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Monday, June 20, 2022

Hiking the Bull Run Occoquan Trail from Hemlock Overlook Park

Over a year ago, in May 2021, as we were coming out of our Covid hibernation, we camped down here at Bull Run Regional Park, where we are camped today, and decided to do a hike downstream along Bull Run to Hemlock Overlook Park from an overpass on Route 28.  On Saturday, June 18, 2022, we decided to pick up that thread from Hemlock Overlook Park and hike further downstream along Bull Run toward Bull Run Marina and Occoquan River, where we paddled a few days ago.

Directions to the trailhead were not clear, but we found it -- well marked -- at Hemlock Overlook Park, and started our hike:

The first half mile or so, we hiked down a connector trail along a drainage to the Bull Run Occoquan Trail itself:

The trail along Bull Run was beautiful on this not-so-hot summer day:

We had several spots where we could catch a pretty view of the stream:

The trail reveals the complex geology of this area.  While much of the bedrock is sandstone and mudstone, there are some dramatic outcroppings of granite and other hard rock:

After about 1.5 miles, we found this cache of kayaks and canoes, kept by Hemlock Overlook State Park for use by visitors:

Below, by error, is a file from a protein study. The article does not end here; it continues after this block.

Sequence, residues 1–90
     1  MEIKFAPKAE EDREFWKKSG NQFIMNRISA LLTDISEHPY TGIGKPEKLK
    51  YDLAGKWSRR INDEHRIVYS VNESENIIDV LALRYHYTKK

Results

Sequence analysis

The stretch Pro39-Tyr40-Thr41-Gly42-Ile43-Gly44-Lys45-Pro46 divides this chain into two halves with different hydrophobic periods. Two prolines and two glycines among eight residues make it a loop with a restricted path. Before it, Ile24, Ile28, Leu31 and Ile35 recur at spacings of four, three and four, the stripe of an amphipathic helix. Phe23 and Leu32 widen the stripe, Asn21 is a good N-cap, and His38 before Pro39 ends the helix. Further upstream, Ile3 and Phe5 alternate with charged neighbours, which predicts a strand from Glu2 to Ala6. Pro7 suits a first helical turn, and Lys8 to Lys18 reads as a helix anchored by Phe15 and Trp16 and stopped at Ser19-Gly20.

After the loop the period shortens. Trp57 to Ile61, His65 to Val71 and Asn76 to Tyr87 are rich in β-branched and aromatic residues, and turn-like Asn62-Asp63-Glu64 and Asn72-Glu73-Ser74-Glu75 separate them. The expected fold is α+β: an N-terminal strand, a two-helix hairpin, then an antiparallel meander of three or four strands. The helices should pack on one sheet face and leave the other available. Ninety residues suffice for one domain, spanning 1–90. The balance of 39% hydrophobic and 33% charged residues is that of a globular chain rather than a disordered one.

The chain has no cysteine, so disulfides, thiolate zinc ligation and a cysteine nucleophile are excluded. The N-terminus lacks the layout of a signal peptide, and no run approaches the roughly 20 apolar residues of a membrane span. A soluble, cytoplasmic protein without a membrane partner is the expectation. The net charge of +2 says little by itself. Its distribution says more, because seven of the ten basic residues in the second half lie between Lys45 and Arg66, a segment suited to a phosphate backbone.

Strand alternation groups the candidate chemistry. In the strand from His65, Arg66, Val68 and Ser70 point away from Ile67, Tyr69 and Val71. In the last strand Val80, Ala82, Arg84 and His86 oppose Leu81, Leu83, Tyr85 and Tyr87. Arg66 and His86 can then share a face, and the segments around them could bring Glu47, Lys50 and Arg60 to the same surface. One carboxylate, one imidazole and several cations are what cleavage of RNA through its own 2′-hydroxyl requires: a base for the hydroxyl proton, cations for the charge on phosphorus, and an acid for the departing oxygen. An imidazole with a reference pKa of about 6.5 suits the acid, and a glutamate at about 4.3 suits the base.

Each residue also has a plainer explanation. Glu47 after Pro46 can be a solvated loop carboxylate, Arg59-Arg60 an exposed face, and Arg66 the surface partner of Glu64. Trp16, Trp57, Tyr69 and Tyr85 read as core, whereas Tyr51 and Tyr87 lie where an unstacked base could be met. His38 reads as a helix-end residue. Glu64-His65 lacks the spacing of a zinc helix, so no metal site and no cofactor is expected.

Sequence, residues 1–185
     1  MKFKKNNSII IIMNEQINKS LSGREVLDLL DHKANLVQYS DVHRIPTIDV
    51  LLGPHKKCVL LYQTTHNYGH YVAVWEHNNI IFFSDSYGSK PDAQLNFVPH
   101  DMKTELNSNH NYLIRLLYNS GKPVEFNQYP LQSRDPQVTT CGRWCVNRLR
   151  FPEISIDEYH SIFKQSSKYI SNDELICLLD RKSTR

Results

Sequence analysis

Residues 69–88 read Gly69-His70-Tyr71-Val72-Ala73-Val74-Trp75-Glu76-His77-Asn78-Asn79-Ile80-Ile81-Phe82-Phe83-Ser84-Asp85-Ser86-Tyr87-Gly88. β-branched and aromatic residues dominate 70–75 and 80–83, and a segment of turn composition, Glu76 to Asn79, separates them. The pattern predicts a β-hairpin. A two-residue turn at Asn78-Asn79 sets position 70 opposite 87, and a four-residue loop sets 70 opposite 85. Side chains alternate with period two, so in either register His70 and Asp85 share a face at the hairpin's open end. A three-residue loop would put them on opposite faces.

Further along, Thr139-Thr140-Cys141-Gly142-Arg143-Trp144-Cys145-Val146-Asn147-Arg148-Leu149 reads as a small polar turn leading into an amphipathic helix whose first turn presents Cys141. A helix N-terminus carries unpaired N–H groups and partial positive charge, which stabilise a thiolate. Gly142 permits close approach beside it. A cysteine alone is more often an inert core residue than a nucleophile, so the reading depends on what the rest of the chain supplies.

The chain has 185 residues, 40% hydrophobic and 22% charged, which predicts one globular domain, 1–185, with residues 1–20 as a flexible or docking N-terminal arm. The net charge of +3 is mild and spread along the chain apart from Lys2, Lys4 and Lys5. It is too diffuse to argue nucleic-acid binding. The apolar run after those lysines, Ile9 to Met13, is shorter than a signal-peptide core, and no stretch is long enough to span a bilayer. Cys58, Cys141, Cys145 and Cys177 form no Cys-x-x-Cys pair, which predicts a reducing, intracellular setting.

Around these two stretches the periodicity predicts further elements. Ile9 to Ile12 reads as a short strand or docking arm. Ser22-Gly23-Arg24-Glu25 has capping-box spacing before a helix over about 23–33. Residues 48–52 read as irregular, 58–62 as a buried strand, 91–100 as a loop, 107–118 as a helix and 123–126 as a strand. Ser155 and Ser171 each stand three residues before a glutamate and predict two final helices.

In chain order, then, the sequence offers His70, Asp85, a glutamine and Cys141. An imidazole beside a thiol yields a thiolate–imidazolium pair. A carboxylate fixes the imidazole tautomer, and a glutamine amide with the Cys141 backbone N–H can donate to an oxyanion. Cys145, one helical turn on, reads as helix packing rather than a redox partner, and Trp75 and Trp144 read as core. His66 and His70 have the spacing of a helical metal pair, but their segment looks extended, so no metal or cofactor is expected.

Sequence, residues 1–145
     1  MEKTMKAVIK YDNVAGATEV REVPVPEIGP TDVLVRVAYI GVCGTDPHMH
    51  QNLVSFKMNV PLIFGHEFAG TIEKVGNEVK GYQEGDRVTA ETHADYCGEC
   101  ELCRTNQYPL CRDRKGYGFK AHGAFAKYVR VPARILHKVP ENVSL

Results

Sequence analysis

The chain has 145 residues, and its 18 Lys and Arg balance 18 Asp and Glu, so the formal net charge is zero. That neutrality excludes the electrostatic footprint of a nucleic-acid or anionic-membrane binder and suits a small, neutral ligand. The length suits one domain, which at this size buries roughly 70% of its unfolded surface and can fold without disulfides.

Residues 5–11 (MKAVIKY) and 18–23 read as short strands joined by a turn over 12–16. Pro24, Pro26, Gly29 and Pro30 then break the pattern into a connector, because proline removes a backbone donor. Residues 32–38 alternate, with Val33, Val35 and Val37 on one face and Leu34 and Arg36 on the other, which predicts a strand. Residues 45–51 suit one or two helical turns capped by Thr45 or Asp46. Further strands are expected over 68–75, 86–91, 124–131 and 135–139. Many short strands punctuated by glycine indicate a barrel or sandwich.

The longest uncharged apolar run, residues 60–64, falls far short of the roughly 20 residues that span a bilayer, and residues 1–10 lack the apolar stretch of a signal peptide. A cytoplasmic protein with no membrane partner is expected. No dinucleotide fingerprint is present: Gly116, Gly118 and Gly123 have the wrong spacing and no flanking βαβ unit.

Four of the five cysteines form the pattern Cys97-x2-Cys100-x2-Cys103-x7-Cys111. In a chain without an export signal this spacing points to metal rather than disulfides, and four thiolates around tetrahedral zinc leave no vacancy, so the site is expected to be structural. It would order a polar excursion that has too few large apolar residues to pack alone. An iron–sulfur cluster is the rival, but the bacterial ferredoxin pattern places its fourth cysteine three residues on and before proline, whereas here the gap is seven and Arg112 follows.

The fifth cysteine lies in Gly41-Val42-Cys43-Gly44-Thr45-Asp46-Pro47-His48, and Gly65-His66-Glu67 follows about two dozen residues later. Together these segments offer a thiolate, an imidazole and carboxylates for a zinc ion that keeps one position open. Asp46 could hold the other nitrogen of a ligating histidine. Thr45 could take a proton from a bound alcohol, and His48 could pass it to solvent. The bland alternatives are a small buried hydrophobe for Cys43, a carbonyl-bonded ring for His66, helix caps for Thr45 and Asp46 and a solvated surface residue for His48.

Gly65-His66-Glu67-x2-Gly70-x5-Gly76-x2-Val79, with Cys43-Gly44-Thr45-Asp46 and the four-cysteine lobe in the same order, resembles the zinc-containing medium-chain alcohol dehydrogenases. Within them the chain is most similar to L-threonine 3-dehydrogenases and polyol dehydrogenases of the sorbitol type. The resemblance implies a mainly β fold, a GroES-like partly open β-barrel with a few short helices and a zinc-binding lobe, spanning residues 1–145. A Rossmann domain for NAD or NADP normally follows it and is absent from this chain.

After 2 miles or so, our trail left Bull Run and worked its way across a couple drainages and over some knobby formations:

We even spotted the decayed foundation of a cabin or other structure.  There wasn't enough remaining to give us an idea what type of building once stood here, but it was sizeable, and someone thought enough of it to construct a large stone foundation:

Several bridges crossed drainages that meander through this section of the forest land preserved in the various parks along Bull Run.  One of the bridges still had a (now fallen) plaque memorializing for us that this footbridge was constructed by Garrett Smedley as his Eagle Scout project in 2005 for Boy Scout Troop 1369.  While the bridge is starting to suffer from the ravages of time, it still stands strong after 17 years:

Surprisingly, our trail swung up-gradient and ran along a farm field for about a quarter mile, giving us expansive views of land and sky:

We eventually reached a small bay along Bull Run, upstream from the Bull Run Marina, where we encountered a young man who was bird-watching.  We waited politely for him to finish his scanning of the area and then sat down on a convenient bench to eat our lunch and admire our view of the widening Bull Run above its confluence with Occoquan River:

We even spotted a great blue heron fishing across a tributary of Bull Run.  He didn't seem to care that we were watching him:

On the opposite shore of Bull Run we spotted a pontoon boat with informal seats piled high on its boxy deck, moored at a simple dock on some private property:

Our lunch was over and we started our return up Bull Run.  As we reached that farm field again, we spotted some trail marker posts we hadn't seen as we hiked downstream.  The markers seemed to remind anyone who farmed the field that this edge of that man-made meadow was also reserved for people who just want to amble by without necessarily farming the ground:

As it turned out, our hike was just about 6 miles.  The weather was not too hot, so the hike was pleasant the whole way.  We were pleased to have a chance to get outside on our feet for an extended walk after a few weeks of excessive heat and rain.

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